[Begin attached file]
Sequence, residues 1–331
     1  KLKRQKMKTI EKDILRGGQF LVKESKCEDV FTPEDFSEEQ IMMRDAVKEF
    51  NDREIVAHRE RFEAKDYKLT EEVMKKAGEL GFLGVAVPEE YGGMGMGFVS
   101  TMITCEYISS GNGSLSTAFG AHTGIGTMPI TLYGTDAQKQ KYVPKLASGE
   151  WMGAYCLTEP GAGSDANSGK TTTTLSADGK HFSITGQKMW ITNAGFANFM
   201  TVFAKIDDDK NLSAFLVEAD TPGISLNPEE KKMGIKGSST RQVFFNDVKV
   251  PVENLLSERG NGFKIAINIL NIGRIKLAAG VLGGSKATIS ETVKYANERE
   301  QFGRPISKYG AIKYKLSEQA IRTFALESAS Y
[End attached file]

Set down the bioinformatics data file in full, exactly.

Sequence, residues 1–331
     1  KLKRQKMKTI EKDILRGGQF LVKESKCEDV FTPEDFSEEQ IMMRDAVKEF
    51  NDREIVAHRE RFEAKDYKLT EEVMKKAGEL GFLGVAVPEE YGGMGMGFVS
   101  TMITCEYISS GNGSLSTAFG AHTGIGTMPI TLYGTDAQKQ KYVPKLASGE
   151  WMGAYCLTEP GAGSDANSGK TTTTLSADGK HFSITGQKMW ITNAGFANFM
   201  TVFAKIDDDK NLSAFLVEAD TPGISLNPEE KKMGIKGSST RQVFFNDVKV
   251  PVENLLSERG NGFKIAINIL NIGRIKLAAG VLGGSKATIS ETVKYANERE
   301  QFGRPISKYG AIKYKLSEQA IRTFALESAS Y